Jansen Varnum, Susan; Wunder, Stephanie L.; Zdilla, Michael J., 1978-; Weber, Bruce A. (Temple University. Libraries, 2017)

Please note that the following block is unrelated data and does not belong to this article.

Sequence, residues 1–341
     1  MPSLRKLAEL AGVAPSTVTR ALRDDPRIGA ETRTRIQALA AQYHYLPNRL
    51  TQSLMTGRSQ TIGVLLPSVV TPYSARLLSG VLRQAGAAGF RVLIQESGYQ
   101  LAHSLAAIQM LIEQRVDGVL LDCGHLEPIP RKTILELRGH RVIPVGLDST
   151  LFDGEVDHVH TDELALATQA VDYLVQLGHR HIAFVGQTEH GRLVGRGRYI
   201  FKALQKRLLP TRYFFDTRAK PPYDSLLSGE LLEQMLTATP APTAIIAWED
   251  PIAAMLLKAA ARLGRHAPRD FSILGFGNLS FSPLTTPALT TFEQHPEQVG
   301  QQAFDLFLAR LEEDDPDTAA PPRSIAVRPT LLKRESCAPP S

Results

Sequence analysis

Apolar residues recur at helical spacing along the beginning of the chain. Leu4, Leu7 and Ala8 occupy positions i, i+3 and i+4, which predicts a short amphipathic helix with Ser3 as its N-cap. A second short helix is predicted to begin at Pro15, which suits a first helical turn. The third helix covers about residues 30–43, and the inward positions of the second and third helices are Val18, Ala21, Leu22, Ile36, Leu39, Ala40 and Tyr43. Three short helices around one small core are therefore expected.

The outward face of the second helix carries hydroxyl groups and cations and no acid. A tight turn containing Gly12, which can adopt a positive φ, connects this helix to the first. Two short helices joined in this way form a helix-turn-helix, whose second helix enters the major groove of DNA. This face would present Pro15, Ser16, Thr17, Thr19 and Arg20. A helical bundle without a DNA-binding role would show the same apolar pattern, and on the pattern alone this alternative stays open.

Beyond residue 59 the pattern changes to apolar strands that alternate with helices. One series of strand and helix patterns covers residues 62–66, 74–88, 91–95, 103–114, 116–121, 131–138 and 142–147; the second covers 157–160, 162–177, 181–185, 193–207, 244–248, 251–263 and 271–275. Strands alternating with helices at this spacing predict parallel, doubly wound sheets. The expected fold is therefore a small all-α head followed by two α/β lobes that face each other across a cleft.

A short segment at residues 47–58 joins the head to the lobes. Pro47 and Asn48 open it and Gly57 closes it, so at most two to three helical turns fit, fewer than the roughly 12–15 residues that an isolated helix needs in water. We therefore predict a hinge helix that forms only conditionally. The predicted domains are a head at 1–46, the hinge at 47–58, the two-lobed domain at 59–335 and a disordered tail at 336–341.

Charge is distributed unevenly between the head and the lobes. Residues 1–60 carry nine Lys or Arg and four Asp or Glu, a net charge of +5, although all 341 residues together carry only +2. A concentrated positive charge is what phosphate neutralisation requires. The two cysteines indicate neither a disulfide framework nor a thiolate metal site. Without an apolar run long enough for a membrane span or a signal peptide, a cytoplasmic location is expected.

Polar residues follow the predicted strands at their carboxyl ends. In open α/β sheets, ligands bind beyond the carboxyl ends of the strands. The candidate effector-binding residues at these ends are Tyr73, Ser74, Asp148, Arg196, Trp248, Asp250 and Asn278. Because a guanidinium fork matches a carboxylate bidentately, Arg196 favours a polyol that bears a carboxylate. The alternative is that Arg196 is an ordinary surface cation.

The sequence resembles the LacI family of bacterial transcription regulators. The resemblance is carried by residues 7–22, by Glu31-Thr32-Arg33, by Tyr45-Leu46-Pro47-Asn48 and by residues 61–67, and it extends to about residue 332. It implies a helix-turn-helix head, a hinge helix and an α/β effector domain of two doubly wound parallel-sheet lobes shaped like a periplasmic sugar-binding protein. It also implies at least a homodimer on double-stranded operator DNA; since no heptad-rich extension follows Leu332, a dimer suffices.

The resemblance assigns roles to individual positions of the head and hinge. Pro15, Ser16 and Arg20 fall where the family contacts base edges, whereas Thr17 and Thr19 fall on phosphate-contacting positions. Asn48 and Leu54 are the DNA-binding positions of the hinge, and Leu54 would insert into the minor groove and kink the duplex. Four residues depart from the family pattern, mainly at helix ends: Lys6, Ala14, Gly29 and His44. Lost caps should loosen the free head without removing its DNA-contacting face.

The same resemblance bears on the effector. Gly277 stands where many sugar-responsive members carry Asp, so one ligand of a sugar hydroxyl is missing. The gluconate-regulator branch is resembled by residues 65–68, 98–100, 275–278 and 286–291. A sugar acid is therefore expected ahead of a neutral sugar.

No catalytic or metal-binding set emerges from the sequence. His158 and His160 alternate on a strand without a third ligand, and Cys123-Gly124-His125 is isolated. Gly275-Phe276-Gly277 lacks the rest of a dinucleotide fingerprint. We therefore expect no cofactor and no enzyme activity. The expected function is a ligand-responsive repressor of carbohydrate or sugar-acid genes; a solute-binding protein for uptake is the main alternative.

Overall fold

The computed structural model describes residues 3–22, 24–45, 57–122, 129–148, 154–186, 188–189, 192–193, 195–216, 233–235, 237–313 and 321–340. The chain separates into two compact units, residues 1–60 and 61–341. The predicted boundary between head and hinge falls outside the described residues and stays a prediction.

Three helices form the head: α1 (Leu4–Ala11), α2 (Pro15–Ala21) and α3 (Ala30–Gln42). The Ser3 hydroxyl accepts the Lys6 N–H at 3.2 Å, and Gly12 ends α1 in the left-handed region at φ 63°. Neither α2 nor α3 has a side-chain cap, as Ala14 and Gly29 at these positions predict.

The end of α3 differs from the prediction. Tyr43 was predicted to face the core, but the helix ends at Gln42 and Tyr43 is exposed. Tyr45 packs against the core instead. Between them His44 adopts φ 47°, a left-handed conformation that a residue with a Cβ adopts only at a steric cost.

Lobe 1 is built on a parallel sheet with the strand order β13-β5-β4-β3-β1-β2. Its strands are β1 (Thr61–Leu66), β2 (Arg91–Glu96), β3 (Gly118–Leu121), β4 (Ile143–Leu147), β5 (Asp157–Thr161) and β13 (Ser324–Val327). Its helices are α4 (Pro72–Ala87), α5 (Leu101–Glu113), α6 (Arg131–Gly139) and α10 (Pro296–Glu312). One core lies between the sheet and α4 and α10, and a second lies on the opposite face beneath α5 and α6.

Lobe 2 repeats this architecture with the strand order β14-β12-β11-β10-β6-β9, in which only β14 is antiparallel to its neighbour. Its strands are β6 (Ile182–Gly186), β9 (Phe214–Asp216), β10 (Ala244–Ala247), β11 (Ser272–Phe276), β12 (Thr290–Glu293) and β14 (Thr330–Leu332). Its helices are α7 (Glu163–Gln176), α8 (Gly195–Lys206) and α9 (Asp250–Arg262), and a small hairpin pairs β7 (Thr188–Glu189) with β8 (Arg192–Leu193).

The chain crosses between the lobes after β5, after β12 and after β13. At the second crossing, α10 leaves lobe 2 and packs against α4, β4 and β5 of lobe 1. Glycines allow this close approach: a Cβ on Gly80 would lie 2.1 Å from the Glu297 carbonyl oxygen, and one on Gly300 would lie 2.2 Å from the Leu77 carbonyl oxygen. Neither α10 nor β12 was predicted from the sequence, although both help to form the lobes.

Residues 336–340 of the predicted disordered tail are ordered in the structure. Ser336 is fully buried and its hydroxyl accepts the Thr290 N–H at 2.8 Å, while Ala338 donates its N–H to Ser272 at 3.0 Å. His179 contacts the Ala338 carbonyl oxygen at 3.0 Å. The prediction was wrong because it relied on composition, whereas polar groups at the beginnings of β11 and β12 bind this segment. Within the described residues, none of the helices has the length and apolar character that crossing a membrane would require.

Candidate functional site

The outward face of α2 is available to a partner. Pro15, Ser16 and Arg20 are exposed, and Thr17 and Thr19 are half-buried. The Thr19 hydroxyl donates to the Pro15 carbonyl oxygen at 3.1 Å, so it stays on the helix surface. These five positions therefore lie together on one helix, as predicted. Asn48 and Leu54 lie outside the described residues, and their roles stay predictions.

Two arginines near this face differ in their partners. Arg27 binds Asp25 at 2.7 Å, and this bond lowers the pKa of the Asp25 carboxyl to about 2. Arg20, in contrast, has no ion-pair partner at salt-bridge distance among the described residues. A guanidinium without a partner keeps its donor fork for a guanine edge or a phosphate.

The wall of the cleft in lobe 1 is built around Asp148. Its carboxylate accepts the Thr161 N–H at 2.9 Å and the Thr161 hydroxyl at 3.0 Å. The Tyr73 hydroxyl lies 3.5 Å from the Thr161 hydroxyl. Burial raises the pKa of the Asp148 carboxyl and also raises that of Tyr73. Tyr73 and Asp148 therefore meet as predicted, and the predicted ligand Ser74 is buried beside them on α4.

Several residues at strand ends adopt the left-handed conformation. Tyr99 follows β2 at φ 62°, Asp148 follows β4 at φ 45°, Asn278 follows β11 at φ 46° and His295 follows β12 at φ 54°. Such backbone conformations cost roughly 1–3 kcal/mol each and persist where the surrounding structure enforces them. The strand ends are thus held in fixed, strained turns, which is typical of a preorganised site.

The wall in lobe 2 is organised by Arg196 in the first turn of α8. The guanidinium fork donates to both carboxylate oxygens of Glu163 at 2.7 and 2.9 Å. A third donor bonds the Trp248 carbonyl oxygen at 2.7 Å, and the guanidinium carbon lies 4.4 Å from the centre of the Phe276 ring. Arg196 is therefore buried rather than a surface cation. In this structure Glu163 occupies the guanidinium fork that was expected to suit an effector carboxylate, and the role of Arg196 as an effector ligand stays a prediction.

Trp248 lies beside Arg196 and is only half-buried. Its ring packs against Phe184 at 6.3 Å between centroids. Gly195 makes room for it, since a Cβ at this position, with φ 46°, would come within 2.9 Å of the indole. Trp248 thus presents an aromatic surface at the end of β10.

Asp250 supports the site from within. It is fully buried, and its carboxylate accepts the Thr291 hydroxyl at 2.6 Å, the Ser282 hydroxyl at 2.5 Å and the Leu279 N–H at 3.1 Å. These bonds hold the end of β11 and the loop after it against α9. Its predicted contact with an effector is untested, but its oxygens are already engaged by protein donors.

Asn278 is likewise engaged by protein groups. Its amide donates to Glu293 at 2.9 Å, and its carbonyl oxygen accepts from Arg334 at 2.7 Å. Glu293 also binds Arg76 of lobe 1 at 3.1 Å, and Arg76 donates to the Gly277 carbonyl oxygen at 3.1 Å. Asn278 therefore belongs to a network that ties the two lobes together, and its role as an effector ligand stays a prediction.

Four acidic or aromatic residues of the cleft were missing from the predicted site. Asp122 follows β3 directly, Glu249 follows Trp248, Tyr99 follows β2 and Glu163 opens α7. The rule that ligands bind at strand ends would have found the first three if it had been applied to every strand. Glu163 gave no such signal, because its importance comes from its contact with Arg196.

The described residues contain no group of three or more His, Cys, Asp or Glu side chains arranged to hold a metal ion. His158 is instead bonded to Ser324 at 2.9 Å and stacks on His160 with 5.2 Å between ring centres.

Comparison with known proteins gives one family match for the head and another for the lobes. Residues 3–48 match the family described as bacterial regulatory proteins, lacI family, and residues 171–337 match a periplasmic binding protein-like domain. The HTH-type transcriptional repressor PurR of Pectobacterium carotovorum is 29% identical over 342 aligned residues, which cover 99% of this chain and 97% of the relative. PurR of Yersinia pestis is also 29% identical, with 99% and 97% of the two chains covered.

The pharmaceutical industry is at a critical juncture. With little remnants of the “Golden Age of the Pharmaceuticals” and applied pressure from large companies experiencing a dissipation of proprietary compounds, trends indicate a transition from a decade of stagnant productivity to one in which high throughput screening technologies and computational chemistry have diversified the discovery of new chemical entities (NCE). Despite these advances, drug discovery has been challenged by chemical entities that present delivery limitations due to the properties of their molecular structure. A recent evaluation of development pipelines indicated that approximately 70% of drug candidates exhibit poor aqueous solubility; thereby, resulting in erratic dissolution and insufficient bioavailability. Due to intrinsic physical properties, these compounds are known by the biopharmaceutics classification system (BCS) as class II compounds and are amendable to solubility and bioavailability enhancement platforms. Approaches such as pH adjustment, micronization, nanosuspensions, co-solvent solubilization, cyclodextrin inclusion complexation, salt formation, emulsified drug formulations and amorphous solid dispersions (ASD) are commonly utilized to maximize bioavailability and enrich in vivo absorption by prolonging exposure to high concentrations of dissolved drug in the gastrointestinal tract (GIT). Single-phase amorphous systems, such as solid dispersions, have been the focal point of the aforementioned practices as a result of their ability to promote a state of drug supersaturation over an extended duration of time. Within the structure of this dissertation, the application of concentration enhancing polymers for bioavailability enhancement of low solubility compounds was evaluated using solvent and fusion-based solid dispersion technologies. Exploiting a variety of analytical methodologies and tools, formulations produced by spray drying and hot melt extrusion (HME) techniques were investigated for sufficient dissolution enhancement. Studies revealed the selected formulation approaches provided a viable platform for manufacturing solid dispersions by illustrating systems that offered rapid and prolonged periods of supersaturation. While of the applications of single-phase amorphous solid dispersions are continuously expanding, their dissolution behavior is not as well understood. The overarching objective of dissolution testing during formulation development is to achieve biological relevance and predict in vivo performance. Proper in vitro dissolution testing can convey the influence of key in vivo performance parameters and be implemented for assessment and comparison of ASD formulations. Studies suggest that existing research fails to accurately address the intricacies associated with the supersaturated state. Upon solvation and during transit in the GIT, several high-energy drug-containing species are present in addition to free drug. Although these species are not absorbed in vivo, they play a pivotal role in generating and maintaining the supersaturation of a drug substance and function to replenish the supply of free drug as it permeates across the gastrointestinal membrane. Established dissolution apparatuses and methodologies in the United States Pharmacopeia (USP) focus on evaluation of total dissolved drug and may not be physiologically relevant for determining the amount of drug absorbed in vivo. Within the framework of this dissertation, a dissolution methodology was designed to reflect the physiochemical, physiological and hydrodynamic conditions that transpire throughout dissolution and absorption of an ASD during transit in the GIT. The apparatus and model present the ability to understand the kinetics and mechanisms of dissolution, supersaturation and nucleation. To support this hypothesis, analytical methods including high pressure liquid chromatography (HPLC) with ultraviolet (UV) detection were developed and fully validated. In parallel, a novel plasma membrane treatment was established to fabricate biomimetic membranes that possessed a hydrophilic and hydrophobic surface. The treated membranes are comprised of applied surface chemistries that emulate the unstirred aqueous layer created by microvilli protruding from the intestinal epithelial membrane as well as lipophilic constituents corresponding to the epithelial lipid membrane. Calculated in vitro similarity (f2) and difference (f1) factors support the hypotheses that plasma treated microporous polymer membranes exhibit biorelevant properties and demonstrate adequate biorelevance for in vitro dissolution studies. The described dissolution methodology has been applied as a tool for selection of candidates to move forward to pharmacokinetic studies. In a culminating study, in vitro – in vivo correlations (IVIVC) were performed employing the universal membrane-permeation non-sink dissolution method for formulations of Carbamazepine. To demonstrate the utility of the methodology, multiple level C correlations were established. The membrane-permeation model enables quantitative assessment of drug dissolution and absorption and offers a means to predict the relative in vivo performance of amorphous solid dispersions for BCS class II drug substances.